The worst-kept secret of the week was Metallica's performance at Stubb's on Friday night. Promotional events for the band's forthcoming 'Guitar Hero Metallica' video game were scheduled weeks ago, and it seemed only logical that the band would perform. Especially when the band showed up in Austin to talk to the media about the game, which sees a release on March 29.
I talked to guitarist and singer James Hetfield about the game. (Video is coming soon.) He told me that a Guitar Hero branding of Metallica's music was only natural, because of overlap between the band's fans and the gamer crowd. He also told me that he's not very good at the game, because it's nothing like playing an actual guitar.
When Rage Against the Machine and Audioslave guitarist Tom Morello was on Soundcheck last fall, he described the imaging process that created his Guitar Hero avatar. Hetfield confirmed that he did indeed wear a body-scanning catsuit for extended periods of time, and that it was his first time basically wearing a leotard. (Note to Activision: very interested in these photos.)
After the interview, I played the game with two developers. It features about 45 songs from the Metallica catalog, plus tracks by Queen, Alice in Chains, Foo Fighters and others. In addition to rocking a replica of Hetfield's 'Truckster' guitar, you can sing or play bass or drums ('Guitar Hero World Tour' added instruments last fall to keep pace with rival game Rock Band). Metallica purists can add a second kick pedal (not pictured) to the drum set simulate Lars Ulrich's double-bass drumming.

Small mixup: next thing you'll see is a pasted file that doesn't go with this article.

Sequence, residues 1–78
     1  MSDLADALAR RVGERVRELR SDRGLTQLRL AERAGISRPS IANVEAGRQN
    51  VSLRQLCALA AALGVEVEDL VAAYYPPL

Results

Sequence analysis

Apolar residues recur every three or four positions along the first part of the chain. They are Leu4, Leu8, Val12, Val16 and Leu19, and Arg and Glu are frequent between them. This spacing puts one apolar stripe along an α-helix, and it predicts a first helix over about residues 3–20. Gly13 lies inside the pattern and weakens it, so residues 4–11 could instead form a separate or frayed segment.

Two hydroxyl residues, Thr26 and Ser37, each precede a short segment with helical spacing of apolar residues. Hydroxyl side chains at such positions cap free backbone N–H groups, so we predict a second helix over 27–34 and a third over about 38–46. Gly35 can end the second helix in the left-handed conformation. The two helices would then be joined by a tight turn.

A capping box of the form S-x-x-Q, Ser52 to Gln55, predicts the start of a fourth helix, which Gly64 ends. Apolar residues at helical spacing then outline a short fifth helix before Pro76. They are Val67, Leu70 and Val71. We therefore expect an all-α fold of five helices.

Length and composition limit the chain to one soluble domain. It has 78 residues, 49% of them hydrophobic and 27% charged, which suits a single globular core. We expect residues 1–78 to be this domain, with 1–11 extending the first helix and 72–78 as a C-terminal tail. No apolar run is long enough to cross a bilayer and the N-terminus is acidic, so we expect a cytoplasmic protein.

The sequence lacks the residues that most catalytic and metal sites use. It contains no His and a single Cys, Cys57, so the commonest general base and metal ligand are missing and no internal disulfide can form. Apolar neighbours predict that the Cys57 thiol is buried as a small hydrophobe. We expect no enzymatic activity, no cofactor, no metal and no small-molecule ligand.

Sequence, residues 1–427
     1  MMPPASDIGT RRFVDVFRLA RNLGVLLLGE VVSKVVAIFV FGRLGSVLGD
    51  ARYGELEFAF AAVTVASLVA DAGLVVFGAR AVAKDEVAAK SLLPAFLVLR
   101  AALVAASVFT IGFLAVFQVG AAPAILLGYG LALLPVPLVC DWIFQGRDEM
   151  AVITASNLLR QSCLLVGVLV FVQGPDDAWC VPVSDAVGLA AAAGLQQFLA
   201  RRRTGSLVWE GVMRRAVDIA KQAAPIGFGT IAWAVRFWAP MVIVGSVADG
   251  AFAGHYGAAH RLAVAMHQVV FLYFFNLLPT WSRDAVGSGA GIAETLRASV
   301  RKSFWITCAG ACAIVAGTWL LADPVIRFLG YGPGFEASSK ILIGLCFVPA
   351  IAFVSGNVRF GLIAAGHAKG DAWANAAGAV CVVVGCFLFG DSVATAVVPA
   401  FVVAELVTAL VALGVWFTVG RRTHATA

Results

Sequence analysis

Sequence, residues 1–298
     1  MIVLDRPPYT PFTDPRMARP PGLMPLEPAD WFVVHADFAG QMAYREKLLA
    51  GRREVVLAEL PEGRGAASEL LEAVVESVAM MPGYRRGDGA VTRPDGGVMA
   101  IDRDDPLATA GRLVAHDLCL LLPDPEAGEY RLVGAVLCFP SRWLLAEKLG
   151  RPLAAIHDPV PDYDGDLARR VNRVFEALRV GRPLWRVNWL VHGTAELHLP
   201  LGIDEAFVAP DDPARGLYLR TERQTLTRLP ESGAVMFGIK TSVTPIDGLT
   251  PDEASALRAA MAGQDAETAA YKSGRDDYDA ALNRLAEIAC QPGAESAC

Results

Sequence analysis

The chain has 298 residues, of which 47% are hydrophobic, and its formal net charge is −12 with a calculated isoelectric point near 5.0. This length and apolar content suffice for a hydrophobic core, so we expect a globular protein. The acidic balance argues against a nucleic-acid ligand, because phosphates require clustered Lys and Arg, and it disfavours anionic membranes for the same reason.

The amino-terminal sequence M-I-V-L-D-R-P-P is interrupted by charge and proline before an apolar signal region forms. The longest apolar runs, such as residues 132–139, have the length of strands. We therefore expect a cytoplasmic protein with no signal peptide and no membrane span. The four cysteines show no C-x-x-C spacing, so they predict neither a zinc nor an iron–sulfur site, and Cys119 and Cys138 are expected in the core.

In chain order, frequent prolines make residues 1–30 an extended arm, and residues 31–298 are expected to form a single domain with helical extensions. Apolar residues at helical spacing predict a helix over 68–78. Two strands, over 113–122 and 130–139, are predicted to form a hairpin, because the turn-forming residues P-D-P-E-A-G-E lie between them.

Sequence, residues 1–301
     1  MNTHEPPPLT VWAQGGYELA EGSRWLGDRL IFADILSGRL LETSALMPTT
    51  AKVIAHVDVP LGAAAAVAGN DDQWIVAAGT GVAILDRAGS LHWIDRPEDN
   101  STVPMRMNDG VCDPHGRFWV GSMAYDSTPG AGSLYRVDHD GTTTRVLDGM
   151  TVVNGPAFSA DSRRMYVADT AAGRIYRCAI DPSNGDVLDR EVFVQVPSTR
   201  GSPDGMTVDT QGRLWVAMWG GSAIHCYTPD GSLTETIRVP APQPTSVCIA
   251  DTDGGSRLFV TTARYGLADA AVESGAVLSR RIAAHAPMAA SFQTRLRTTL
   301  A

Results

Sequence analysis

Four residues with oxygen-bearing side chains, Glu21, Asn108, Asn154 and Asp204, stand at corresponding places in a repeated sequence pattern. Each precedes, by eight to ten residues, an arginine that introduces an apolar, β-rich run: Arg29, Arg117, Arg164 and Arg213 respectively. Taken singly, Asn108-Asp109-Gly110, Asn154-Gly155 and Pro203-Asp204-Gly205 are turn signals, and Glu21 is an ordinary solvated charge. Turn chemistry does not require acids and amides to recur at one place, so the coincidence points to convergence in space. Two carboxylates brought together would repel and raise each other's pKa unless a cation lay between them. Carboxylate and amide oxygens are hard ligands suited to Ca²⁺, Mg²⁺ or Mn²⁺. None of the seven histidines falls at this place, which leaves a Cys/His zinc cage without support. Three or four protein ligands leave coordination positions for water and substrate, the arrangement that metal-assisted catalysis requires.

I selected the song 'One,' from the oh-so-excellent 1988 album '...And Justice For All,' and played it on the easy setting so I didn't look like a complete fool in front of colleagues. (I'll admit it.) One of the game's developers played drums on a hard setting next to me. When I tried to ask him about his job, he politely informed me it was extremely tough to play and talk at the same time. Fair enough.
After the press junket was over (read New York Times critic Ben Sisario's description of it -- it's dead-on), the band did perform at Stubb's last night to no surprise. I didn't go to the show, opting instead to attend a screening of the independent film Four Boxes, starring Justin Kirk of the Showtime series 'Weeds.' But after the movie, I arrived at Stubb's in time to catch the band playing 'Blackened,' listening at the back fence with about 100 fans.